Robert Skarzynski has spent more than 10 years as a participant and close observer of Canada’s freight rail industry. He possesses a work background that has convinced him recyclers and other shippers can benefit from methods he has devised to make the freight rail process go much more smoothly than it often does.
Skarzynski started his journey working for a short-line railroad in Canada and then moved into a role focused on freight train derailment cleanup. That process familiarized him with the ferrous scrap market and opened the door to conversations with scrap recyclers, many of whom expressed frustration with a frequent lack of gondola cars.
In 2017, Skarzynski decided the time was right to start his own business that offered railcar services designed to make things easier for scrap recyclers and other transportation companies who were having difficulties maintaining and managing their railcar fleets.
Headquartered in Saskatoon, Saskatchewan, Standard Rail now offers a variety of services with a common denominator “to save fleet managers time and money,” Skarzynski says.
One of the company’s services involves offering onsite repair of gondola cars. “This service saves two weeks to send a car to a repair facility; another two-to-three months or so for a car to wait in line and be repaired; and another two weeks to ship it back,” he says. “You’re basically losing that car for four months” using traditional methods, he contends.
While the situation often is referred to as a gondola car “shortage,” Skarzynski has found that cars are out there, but it can require legwork to track them down and re-enter them as viable cars in the freight rail network.
“Twenty years ago, railroads took ownership status, but that has shifted,” he says. “And today, scrap shippers are responsible for their railcars, keeping them in compliance, repairing any deficiencies, finding storage for idle cars or finding additional cars to support their operations.”
Scrap shippers don’t “need” to maintain their cars; the railroads will do that for them if they don’t, Skarzynski says. However, this reactive maintenance strategy is typically more expensive and can result in unreliable equipment, he says.
Standard Rail has identified a niche in assisting customers by monitoring the health of their railcars and helping them manage their maintenance, the entrepreneur says. Using technology, the company receives railcar health information from industry data and can use that to design a maintenance strategy that can reduce overall repair and maintenance expenses, and execute the repair operations on-site or through third-party shops.
Skarzynski says the scrap industry has proven the ideal beneficiary of his company’s services. Loading scrap into railcars can damage the cars, and this can lead to unexpected out-of-service time for the equipment. He strongly recommends scrap firms maintain their own railcar fleets and says Standard Rail can help keep those fleets maintained and available. By doing so, Skarzynski says, “They can save hundreds of thousands of dollars if they have, say, an 800-car fleet. Scrap companies understand their market, not necessarily the rail market.”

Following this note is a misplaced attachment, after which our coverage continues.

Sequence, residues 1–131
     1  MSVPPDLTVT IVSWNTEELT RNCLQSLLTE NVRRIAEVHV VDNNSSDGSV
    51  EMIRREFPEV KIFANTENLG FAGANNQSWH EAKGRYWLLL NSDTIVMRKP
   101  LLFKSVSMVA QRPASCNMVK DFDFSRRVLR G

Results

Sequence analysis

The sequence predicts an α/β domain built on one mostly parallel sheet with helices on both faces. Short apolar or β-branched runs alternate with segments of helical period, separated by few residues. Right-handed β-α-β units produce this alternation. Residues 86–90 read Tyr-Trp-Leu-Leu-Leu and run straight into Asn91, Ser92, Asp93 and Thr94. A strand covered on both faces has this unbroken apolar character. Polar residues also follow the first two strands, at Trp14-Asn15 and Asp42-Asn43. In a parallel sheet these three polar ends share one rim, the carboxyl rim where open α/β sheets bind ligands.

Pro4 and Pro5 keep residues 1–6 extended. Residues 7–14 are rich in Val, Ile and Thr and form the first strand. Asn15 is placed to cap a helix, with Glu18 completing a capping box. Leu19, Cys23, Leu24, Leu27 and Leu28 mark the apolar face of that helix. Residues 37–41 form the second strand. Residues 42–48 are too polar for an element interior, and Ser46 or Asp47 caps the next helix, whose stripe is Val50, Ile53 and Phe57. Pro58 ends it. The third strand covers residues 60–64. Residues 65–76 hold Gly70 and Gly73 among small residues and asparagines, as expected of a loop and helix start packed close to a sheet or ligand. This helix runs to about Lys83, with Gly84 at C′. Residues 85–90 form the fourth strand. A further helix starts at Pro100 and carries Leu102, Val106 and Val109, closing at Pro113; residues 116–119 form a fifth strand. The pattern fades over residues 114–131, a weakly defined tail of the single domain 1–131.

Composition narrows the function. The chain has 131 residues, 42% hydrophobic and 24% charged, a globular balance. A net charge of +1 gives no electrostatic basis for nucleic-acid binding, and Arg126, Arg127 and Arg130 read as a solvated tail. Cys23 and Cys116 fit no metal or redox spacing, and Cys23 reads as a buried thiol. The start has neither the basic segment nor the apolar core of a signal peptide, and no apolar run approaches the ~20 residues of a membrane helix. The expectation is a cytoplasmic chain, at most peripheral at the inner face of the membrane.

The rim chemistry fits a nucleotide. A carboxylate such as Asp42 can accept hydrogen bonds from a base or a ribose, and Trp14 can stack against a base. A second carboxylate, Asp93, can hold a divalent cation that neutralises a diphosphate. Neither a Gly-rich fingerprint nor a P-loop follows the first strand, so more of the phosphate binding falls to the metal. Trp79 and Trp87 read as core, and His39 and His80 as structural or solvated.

To recyclers who ship by rail, he says, “If you can get more done with the number of railcars you currently have with a better maintenance plan, and being more predictive, then there is no good reason not to do it. You can model it and have predictability. You can do more with the same number of cars.”
New York-based scrap trader and consultant Nathan Fruchter of Idoru Trading has begun recommending Standard Rail’s services to processors he knows. “Not having rail cars when you need them represents lost market opportunities,” Fruchter says. “For some of these companies, the rail cars are their bloodline. It’s even worse if you’re still paying the leased cars and you’re short of them and you can’t transport.”
A few years ago, Skarzynski would have said there were sufficient gondola cars (if a user could find them). As of 2022, there might be more of a railcar shortage than previously.
Ironically, he says, a booming ferrous scrap market earlier this year gets part of the blame. “Scrap pricing, when it was up, spurred considerable dismantling of rail cars,” he comments, estimating the figure could be “about 40,000 in North America.” Skarzynski adds, “We had some attrition this year.”
While his job may have become more difficult as a result, Skarzynski says he is making plans for Standard Rail to continue to grow beyond its roots in western Canada.
“Our goal is to have North America-wide coverage of service—like AAA is for passenger cars,” he says. The company already has entered the United States market in Florida, Georgia and other parts of the U.S Southeast, and Skarzynski says he knows it will take a bigger workforce to keep the momentum moving forward.
Additionally, he has opened a location focused on railcar logistics software development in Bangalore, India, and says both there and in North America, “We’ll definitely need to be hiring and growing as we are seeing strong demand for our services.”